liberal clear profit upon that capital in reward for his industry and exertions. It does, I trust, appear that, under the operation of the principles established in the first book of this treatise, the production of all these objects lies within the compass of such laws as a free people may not only cheerfully live under, but by which they will find their political condition and private happiness materially improved. The people must indeed contribute their share to the production and permanence of these blessings, by the adoption of a reasonable and moral system in their private and public conduct. The force of no political institutions that ever were promulgated is sufficient permanently to carry on the public prosperity, when opposed by a profligate and discontented, and consequently a factious people; a consideration which should convince mankind, if any thing is capable of working the conviction, of the paramount influence of morals over politics. But so long as the people will faithfully and steadily adhere to such a system, there seems to be no political necessity that their condition should ever alter for the worse. The conservative principle involved in the propositions maintained in the first book of this treatise seem to guarantee society from that principle of decay connected with the progress of population, to which it has been assumed to be necessarily liable from its very constitution and essence. There is evidently no physical impossibility of maintaining the people in comfort, from their internal resources, up to any given period of time. It must, however, again be pressed upon the reader's attention that, in order to induce a people faithfully and steadily to adhere to their system, something more is necessary than a mere conviction of its political utility. This conviction has ever been too weak to overcome the indolent or selfish propensities of mankind. To become effectual, it must be aided by public principle, which can only be founded in moral knowledge and integrity, which, again, can find its source in no other spring but sound and pure religion. This, to use a simile of Sir James Steuart, is the top of the pyramid. If it be not contracted to this point, but its summit left bare and exposed by the omission of the apex, the storms will enter, and the edifice must gradually decay, and crumble into ruins. It is partly for these reasons that I venture to add a third book to this treatise, containing the moral consequences deducible from its fundamental principles. I have also been induced to make this addition, because some departments of moral conduct, most nearly affecting the comfort and happiness of mankind, derive a peculiar character from the principles of this treatise, distinct from that which my opponents have endeavoured to impress upon them. This is particularly true of many objects relating to the exercise of charity, to the marriage of the lower orders of the people, and to a few other points which are detailed in the following book. I trust that they will be found not altogether wanting in interest or novelty—nor, above all, in TRUTH,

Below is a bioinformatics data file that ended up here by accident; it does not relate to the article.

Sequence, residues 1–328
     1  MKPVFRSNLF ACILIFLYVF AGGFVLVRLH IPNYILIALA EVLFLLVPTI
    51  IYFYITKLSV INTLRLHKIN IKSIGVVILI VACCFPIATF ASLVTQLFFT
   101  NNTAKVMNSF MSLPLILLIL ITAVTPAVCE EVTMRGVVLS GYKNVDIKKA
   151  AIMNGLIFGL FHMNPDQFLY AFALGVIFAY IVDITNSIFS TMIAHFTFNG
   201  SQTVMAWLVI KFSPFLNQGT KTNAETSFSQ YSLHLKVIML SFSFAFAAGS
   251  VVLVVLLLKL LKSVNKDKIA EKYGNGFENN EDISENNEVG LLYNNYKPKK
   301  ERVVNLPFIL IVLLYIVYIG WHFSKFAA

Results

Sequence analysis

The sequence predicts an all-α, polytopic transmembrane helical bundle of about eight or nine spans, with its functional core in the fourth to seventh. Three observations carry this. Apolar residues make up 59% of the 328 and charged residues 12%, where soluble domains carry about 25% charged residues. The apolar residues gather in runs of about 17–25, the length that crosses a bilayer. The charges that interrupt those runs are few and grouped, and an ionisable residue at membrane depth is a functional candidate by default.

MoRAL CONSEQUENCES DEDUCIBLE FROM THE PRINCIPLES OF THIS THEATISE.
Application of the third Principle—That the Tendency of Population will neither be materially altered nor diverted from its natural Course, (as evhibited in the foregoing Chapters,) in a Coun
try whose Government, Laws, and Customs, are
founded, in the main, upon Principles of Religion, Morality, rational Liberty, and Security of Person and Property, although these Principles may obtain only an imperfect Influence.
THE preceding books of this treatise have probably been successful in establishing the connexion between the principles of sound politics and of pure morals, as well as in exhibiting the dependance of the most important conclusions in political economy upon the preservation of rational liberty, security of property, and the consequent promotion of industry. The whole foundation of the argument in the preceding books resting upon the spontaneous operations of men as society advances, the enjoyment of rational liberty in their actions, and of security in their persons and properties, is of course implied. It is unnecessary therefore to dwell upon the applica